17 thoughts on “Five Ways the Scapegoated Adult Experiences Disenfranchised Grief

  • May 21, 2020 at 8:38 pm

    I very much identify with what you have written. Extremely glad someone ” gets it” and happy u are attempting to educate others.

    • May 21, 2020 at 10:01 pm

      Thank you, Wendy, I appreciate your taking the time to comment and I do hope my article will increase understanding of the challenges the FSA survivor faces.

  • May 21, 2020 at 10:04 pm

    I am glad you are taking this on.

    Good article

  • May 22, 2020 at 8:38 am

    Thank you for bringing awareness to this. I felt isolated & alone while being the scapegoat of my family since childhood. Seeing that others suffer from this gives me hope.

    • May 22, 2020 at 10:29 am

      You’re most welcome, Gloria. There are many who are working to recover from family scapegoating abuse – I look forward to sharing such stories here in future, as well as in the full-length book I am currently working on the addresses FSA and recovery. Stay tuned!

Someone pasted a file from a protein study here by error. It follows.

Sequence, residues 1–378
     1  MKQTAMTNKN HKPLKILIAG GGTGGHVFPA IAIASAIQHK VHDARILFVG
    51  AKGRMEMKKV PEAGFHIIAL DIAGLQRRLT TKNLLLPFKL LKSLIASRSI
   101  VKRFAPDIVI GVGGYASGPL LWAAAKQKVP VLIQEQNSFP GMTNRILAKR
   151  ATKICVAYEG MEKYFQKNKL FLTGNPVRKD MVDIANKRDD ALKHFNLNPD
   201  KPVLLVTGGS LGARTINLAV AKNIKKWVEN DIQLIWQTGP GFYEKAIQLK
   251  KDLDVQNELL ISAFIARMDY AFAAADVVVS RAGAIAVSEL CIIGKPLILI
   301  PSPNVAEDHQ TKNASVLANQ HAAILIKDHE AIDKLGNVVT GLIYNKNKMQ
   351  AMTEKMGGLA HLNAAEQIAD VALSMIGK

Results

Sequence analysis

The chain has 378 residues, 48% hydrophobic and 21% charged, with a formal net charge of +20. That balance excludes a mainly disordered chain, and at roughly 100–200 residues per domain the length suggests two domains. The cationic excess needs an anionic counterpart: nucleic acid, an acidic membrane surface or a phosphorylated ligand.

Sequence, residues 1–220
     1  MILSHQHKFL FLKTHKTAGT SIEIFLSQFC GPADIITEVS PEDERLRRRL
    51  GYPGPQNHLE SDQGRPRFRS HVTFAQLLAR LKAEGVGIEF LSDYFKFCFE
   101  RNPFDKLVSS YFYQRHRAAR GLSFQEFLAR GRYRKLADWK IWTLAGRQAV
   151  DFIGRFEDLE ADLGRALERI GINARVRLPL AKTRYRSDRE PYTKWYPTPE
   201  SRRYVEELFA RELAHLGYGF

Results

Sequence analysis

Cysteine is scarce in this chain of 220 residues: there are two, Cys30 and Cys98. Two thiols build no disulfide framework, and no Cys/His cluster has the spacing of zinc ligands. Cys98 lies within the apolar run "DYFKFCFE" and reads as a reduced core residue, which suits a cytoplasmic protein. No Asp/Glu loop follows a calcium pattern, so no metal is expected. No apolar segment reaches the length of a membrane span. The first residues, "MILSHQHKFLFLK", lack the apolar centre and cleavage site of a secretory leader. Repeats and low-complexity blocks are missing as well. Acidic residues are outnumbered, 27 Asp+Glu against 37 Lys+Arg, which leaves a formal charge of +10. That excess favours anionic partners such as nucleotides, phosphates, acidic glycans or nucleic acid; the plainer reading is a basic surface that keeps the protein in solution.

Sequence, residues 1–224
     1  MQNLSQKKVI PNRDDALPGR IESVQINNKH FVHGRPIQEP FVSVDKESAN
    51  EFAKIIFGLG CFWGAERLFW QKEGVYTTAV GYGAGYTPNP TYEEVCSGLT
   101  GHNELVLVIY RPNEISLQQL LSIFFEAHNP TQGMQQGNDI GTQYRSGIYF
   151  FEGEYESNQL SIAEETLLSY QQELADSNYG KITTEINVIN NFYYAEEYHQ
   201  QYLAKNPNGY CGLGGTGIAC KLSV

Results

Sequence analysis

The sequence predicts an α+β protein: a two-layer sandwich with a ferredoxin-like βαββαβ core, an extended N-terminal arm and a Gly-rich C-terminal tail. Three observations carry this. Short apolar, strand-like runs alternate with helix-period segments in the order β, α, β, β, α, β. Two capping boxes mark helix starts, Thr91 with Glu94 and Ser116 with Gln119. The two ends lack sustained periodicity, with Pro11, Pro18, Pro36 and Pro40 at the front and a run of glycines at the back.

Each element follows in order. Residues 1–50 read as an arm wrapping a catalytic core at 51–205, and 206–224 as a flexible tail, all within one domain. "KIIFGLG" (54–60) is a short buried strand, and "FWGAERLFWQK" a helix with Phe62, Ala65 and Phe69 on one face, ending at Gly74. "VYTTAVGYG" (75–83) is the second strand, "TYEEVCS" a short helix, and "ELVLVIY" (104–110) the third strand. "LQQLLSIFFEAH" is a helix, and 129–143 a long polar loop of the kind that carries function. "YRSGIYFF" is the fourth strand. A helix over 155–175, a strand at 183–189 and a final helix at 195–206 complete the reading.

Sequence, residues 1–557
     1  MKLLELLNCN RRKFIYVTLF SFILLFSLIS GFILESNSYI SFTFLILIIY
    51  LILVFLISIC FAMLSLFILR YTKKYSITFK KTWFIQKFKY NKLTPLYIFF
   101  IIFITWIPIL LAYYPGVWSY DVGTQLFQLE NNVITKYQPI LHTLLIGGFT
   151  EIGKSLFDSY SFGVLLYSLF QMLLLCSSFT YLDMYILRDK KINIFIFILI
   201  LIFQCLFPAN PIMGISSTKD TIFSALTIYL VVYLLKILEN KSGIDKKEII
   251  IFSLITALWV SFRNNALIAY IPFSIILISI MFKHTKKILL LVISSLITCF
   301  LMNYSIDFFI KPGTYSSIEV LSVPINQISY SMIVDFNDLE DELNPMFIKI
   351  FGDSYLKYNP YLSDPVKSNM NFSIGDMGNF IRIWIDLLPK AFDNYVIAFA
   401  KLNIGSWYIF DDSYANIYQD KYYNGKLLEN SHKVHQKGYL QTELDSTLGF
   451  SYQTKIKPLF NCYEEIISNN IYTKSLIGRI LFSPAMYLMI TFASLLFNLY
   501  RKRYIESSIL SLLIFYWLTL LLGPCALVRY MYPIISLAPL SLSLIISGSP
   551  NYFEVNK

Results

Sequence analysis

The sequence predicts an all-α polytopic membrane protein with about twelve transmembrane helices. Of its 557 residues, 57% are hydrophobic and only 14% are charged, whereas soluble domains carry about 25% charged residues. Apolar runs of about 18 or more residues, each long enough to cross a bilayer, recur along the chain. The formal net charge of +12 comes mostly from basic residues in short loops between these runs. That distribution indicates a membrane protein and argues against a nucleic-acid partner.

• May 23, 2020 at 3:39 pm

    This article is very helpful and I am grateful for it. The only thing that bothers me is the reference to Kubler-Ross and ‘stages’ of grief. Every one of the many therapists I’ve seen over the years discredits her, and those stages; they’re really harmful. They don’t just imply linearity, but also that someone feels one thing at a time and that there is some kind of schedule or expectation of grief grief happens.

    • May 23, 2020 at 4:01 pm

      I absolutely agree with you, and in fact just now expanded my article to reinforce my original statement that the process of grieving is not linear, as Kubler-Ross’s model suggests. I’m currently working on a full-length book on FSA recovery, and will be expanding on ideas presented in this article in my book. Feel free to sign up to my FSA Newsletter if you’d like to know when my book is published at https://lp.constantcontactpages.com/su/QJNGRFW/FRSANewsandBook. Thanks so much for taking the time to comment, much appreciated.